No, Not Kobe
I woke up very early Sunday morning after only a couple hours of sleep. I completed some tasks and then in the early afternoon i laid in bed to rest my body for a couple of minutes.
Next thing I knew it was waking up 3-4 hours later. Looking up I noticed the NFL ProBowl was on the television. I quickly reached for the remote as if the program was going to self destruct A-La Mission Impossible. As I pointed the controller I saw the NFC defense huddled doing a jumpshot celebration. Then the announcer said it.
The Process of Understanding
When I heard the devastating news of the Kobe Bryant tragedy for the first time it was like my brain was moving in slow motion trying to process it. I can’t really remember this happening before. Not like that. I knew what I heard, but it took a few seconds for my emotions to catch up.
The night before like so many I was watching The Lakers versus 76ers game on ABC. I watched as Kobe congratulated Lebron James via tweet on passing him for 3rd place on the NBA’s all time scoring list.
My Feelings on Kobe
I always liked Kobe Bryant, especially during his last 2 title runs. Being a Sixer fan I wanted him to beat Boston in 2008. When he didn’t in 2009 I was hoping for Kobe VS. LeBron in the NBA Finals. When it didn’t happen I knew he was going to win another title against Orlando. His title.
In 2010, there was Ron Artest and Queensbridge against Phoenix. Then came the 2010 Finals, a 2008 rematch versus The Boston Celtics that Solidified a renewed rivalry that encompassed the first page of 1960’s and 1980’s NBA history. To close out the 1st decade of the new millenium the NBA would be thrown back to the future.
With the series tied at three games a piece, game 7 of the 2010 Celtics-Lakers series was a basketball fan’s dream. I know ESPN and ABC programmers were feeling exactly the same way.
As I sat with a friend who was hoping Boston would win, I knew Kobe was built for this. As the game’s pace began to take form, I was witness to one of the more physical NBA games in recent history. There wasn’t going to be any touch fouls called in this game. Some fans would say it wasn’t played well. I enjoyed it.
I mention this game not because it was Kobe’s last championship. The future hall of famer showed who he was in big moments when the conditions weren’t ideal. When It wasn’t 81 points or 60 through 3 quarters. In this game Kobe Bryant shot 6-24 [25%]
Still he had 23 points and 15 rebounds. Between the contact and not hitting his jumper, Kobe Bryant never wavered. He played tough defense, went to the line 15 times, had a steal, and 15 rebounds. 15 boards from the guard against a big and rebounding efficient Celtic team. Four of Bryant’s rebounds were on the offensive glass. With a minute left as Boston threw a second defender at Bryant, Kobe made the pass to Ron Artest for a 3 pointer to seal the game and title for Los Angeles.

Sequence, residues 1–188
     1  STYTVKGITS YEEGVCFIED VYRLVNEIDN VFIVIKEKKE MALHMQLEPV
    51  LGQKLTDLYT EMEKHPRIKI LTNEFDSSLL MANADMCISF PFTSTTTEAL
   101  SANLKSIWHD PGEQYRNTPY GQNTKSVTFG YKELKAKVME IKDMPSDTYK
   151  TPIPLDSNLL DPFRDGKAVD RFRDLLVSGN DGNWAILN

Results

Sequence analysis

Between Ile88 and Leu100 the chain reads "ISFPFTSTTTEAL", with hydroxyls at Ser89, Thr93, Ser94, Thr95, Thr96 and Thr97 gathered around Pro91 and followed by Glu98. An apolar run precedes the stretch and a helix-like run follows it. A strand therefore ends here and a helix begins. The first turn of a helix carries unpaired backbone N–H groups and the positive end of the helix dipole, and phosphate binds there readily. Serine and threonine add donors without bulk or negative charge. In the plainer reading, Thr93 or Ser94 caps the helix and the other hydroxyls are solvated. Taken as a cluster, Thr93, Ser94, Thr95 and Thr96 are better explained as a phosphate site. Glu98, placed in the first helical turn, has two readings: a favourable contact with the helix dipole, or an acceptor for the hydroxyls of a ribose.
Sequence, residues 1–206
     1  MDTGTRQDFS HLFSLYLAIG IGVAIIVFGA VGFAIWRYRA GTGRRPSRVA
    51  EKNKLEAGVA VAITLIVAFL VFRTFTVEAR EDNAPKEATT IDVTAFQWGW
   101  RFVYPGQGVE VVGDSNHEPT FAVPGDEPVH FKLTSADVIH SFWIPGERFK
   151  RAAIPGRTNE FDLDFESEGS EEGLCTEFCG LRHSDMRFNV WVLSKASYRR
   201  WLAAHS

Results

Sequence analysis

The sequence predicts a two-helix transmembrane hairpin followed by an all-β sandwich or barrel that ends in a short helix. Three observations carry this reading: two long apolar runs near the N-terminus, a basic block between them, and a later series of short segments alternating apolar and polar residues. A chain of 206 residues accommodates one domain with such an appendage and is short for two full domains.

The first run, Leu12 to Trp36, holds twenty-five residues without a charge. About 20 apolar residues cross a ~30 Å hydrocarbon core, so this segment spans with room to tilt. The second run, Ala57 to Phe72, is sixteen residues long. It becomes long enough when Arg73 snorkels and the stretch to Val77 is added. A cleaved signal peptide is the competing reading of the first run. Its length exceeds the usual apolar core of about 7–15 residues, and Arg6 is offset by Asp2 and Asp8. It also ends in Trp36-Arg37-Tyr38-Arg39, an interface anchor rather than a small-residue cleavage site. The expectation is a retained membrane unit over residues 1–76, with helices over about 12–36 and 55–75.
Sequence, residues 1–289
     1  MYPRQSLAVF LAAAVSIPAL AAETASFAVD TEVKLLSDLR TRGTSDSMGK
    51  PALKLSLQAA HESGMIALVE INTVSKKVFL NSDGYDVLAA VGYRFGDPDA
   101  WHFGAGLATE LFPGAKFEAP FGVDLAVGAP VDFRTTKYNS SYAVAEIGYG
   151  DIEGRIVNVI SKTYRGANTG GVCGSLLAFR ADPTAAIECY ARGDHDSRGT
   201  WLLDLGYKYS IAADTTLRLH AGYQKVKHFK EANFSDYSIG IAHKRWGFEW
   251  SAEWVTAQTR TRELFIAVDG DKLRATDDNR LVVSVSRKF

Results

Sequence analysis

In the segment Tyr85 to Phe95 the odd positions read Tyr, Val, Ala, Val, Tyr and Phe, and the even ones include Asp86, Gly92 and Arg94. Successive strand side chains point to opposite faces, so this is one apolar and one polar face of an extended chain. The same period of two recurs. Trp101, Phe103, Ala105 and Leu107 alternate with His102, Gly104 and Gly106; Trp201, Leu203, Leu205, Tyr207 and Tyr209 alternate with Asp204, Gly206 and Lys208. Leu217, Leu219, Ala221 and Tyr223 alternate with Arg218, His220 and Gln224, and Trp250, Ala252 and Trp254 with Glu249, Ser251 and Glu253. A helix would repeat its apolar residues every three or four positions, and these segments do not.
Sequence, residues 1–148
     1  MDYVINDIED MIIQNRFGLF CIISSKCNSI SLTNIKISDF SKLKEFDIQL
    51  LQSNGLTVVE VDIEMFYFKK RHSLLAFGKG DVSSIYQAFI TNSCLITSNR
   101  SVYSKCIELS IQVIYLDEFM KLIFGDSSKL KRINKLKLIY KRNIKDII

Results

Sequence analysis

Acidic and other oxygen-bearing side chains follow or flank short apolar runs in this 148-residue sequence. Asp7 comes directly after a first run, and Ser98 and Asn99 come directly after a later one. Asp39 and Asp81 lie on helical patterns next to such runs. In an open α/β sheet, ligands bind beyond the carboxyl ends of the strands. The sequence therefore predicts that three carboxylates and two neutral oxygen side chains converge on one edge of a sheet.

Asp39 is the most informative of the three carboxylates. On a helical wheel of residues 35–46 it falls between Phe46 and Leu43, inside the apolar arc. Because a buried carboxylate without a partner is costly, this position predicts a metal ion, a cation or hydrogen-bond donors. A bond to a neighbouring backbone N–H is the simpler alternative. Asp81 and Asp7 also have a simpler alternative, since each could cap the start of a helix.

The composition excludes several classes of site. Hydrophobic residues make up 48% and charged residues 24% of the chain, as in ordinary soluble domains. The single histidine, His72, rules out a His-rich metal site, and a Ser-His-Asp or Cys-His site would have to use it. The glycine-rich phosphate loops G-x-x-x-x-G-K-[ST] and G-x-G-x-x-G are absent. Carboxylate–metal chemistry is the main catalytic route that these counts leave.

I see this as the type of person and player Kobe Bryant was. In a winner take all game for his legacy, Kobe was not shooting well. This would throw alot of players off. Instead he did everything else and got points when presented. He was scrappy and gritty. He was from Philly and most importantly he was a champion. Kobe Bryant, the champion, by any means neccessary. I think the greatest posthumous honor for Kobe is for him to be inducted alone into the Naismith Hall of Fame.
Being a fan of Philadelphia’s professional sports teams sometimes I feel ashamed or embarrassed in the fan base. I grew up in the Philadelphia area with so many people disliking Kobe and I never understood it. I’d ask why? I really don’t think most knew why.
Philadelphia is iconic for giving players like Sidney Crosby a rough time. I bring up Crosby because I just don’t like him. If you ask me why, I’ll tell you he’s a whiney little #@%#!. Other guys who left Philly or refused to play here like J.D Drew or the Scott Rolen situation, it energizes the fans and players to give them a tough time, with or without batteries.
Bryant I never understood the treatment. It didn’t really make any sense. I was at Philly All-Star weekend in 2002. The booing during the game was ignorant, pointless, and probably started by some drunk #@$&s and picked up on “that seems like a good idea”. Things like this almost make me wish I wasn’t part of this fanbase, but I am. I can’t just root for another team. Kobe Bryant was also part of the same fanbase that booed him. He too couldn’t just change that because he grew up loving it, just like you did.
THE H.O.F: An Idea
Kobe Bryant should be elected into the Basketball Hall of Fame this upcoming year alone. This was my first thought. Kobe should be inducted alone into the Hall of Fame was the tempestuous thought running rapid in my mind. Who else is eligible came next.
Duncan and Garnett
When I google the eligible canidates for the 2020 Naismith Hall of Fame, I see Tim Duncan and Kevin Garnett. Well damn. Ummmmm. HUH. Kobe still should be inducted alone.